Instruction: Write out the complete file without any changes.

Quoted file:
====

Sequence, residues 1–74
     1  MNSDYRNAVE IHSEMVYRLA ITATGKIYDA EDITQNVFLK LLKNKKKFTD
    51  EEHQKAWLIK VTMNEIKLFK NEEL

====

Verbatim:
Sequence, residues 1–74
     1  MNSDYRNAVE IHSEMVYRLA ITATGKIYDA EDITQNVFLK LLKNKKKFTD
    51  EEHQKAWLIK VTMNEIKLFK NEEL